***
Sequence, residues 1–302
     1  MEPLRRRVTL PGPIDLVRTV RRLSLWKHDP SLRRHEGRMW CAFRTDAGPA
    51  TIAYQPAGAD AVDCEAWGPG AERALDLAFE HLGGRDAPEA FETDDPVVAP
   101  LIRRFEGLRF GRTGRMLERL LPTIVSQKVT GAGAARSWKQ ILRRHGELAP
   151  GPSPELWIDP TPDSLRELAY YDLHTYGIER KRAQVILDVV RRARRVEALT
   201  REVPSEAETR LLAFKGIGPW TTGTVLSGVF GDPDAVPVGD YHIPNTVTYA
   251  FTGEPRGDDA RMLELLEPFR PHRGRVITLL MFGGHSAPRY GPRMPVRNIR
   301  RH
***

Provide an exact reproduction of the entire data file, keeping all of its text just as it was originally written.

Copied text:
Sequence, residues 1–302
     1  MEPLRRRVTL PGPIDLVRTV RRLSLWKHDP SLRRHEGRMW CAFRTDAGPA
    51  TIAYQPAGAD AVDCEAWGPG AERALDLAFE HLGGRDAPEA FETDDPVVAP
   101  LIRRFEGLRF GRTGRMLERL LPTIVSQKVT GAGAARSWKQ ILRRHGELAP
   151  GPSPELWIDP TPDSLRELAY YDLHTYGIER KRAQVILDVV RRARRVEALT
   201  REVPSEAETR LLAFKGIGPW TTGTVLSGVF GDPDAVPVGD YHIPNTVTYA
   251  FTGEPRGDDA RMLELLEPFR PHRGRVITLL MFGGHSAPRY GPRMPVRNIR
   301  RH